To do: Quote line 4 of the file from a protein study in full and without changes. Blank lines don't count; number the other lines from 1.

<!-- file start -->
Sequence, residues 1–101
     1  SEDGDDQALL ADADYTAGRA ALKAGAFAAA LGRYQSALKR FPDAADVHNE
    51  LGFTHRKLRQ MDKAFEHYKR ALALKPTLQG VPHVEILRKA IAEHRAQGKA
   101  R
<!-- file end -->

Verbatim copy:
   101  R